LAMB OF GOD frontman Randy Blythe was released from a prison in Prague, the Czech Republic, on August 2, more than a month after he was arrested and incarcerated on charges of alleged manslaughter. Blythe was facing the possibility of conviction and a long-term jail sentence after a 2010 incident in which a fan attending a LAMB OF GOD show died almost a month later, allegedly from injuries sustained when he was thrown off the stage. Blythe‘s predicament galvanized the heavy rock community, with artists across the hard rock genre pledging their support.
Speaking to Greg Prato of RollingStone.com, Blythe stated about the support that he received back home during his stint in prison, “It’s pretty humbling for me to see this level of support. I knew my good friends in the music industry would stand by me, but a bunch of legends really spoke up for me. Ozzy and Sharon wrote a letter to the judge. It’s really overwhelming, because to think someone like Ozzy Osbourne, who was in BLACK SABBATH, which is kind of the reason why I have a job today, even knows that I exist — much less say something on my behalf — is extremely humbling.”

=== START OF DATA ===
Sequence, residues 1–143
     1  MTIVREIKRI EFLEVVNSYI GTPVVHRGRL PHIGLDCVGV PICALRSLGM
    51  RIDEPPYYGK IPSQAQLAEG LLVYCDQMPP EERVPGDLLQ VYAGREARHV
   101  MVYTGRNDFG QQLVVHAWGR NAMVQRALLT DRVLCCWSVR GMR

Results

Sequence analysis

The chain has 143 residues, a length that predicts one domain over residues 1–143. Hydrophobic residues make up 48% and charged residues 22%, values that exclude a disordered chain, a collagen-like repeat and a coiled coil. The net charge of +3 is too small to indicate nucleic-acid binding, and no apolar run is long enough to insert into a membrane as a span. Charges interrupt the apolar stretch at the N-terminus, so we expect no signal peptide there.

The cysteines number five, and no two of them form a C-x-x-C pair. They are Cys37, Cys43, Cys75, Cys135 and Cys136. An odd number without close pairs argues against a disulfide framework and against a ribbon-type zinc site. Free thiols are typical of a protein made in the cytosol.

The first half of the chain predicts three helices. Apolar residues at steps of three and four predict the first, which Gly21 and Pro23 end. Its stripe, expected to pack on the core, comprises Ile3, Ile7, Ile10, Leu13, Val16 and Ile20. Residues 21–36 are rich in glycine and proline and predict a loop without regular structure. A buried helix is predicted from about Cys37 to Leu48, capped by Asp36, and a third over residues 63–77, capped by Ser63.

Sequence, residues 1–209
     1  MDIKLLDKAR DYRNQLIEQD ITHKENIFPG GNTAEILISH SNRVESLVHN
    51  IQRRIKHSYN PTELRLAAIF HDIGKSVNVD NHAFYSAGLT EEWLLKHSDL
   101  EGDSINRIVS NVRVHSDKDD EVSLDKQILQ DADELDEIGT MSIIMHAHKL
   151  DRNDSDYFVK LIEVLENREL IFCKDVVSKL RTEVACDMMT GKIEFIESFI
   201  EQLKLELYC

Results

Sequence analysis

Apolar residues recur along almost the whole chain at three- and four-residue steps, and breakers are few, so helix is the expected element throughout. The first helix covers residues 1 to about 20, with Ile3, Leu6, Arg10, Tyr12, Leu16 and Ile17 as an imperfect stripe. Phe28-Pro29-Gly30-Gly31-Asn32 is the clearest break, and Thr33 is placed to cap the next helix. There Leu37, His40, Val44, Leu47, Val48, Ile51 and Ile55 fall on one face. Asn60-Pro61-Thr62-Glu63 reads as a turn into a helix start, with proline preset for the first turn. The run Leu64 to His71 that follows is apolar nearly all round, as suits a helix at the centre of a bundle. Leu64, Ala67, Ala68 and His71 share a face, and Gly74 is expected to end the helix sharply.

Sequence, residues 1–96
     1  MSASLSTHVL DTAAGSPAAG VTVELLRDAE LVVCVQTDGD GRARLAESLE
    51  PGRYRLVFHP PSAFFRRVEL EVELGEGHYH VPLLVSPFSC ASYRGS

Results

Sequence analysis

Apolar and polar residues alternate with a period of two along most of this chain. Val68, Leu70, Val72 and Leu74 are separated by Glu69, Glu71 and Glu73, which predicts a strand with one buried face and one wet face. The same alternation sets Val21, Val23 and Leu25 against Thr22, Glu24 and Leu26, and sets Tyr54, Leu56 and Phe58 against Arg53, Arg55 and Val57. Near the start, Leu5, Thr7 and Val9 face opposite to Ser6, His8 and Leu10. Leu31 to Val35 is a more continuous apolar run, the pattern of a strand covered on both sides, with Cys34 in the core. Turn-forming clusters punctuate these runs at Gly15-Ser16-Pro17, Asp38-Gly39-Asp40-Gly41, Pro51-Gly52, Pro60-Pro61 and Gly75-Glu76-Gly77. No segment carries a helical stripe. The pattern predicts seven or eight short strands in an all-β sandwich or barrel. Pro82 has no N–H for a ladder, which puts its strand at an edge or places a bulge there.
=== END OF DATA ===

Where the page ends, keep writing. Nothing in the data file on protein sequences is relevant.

Asked if there is any chance that the case will be settled out of court, Blythe said, “There is a chance of that. It’s not definite. The Czech legal system works differently. From what I understand, the police have charged me, but the prosecuting attorney hasn’t yet. There’s different stages to being charged, just like there’s different stages of bail. From what I understand, it could get settled out of court, but I doubt it will, especially with the kind of intensity that the prosecuting attorney pursued my continual incarceration with. If I’m called to return to Prague, I will.”
Regarding whether he has any trepidation about going back to the Czech Republic and standing trial, Blythe said, “They want to give me five to 10 years, so naturally, there’s some trepidation. But the way I feel about possibly going to prison for five to 10 years really has nothing to do with the fact of the matter that it’s the right thing for me to do. It’s the right thing for me to do and stand trial if called — if only from the ethical viewpoint that this young man’s family is sitting there with a lot of questions still.”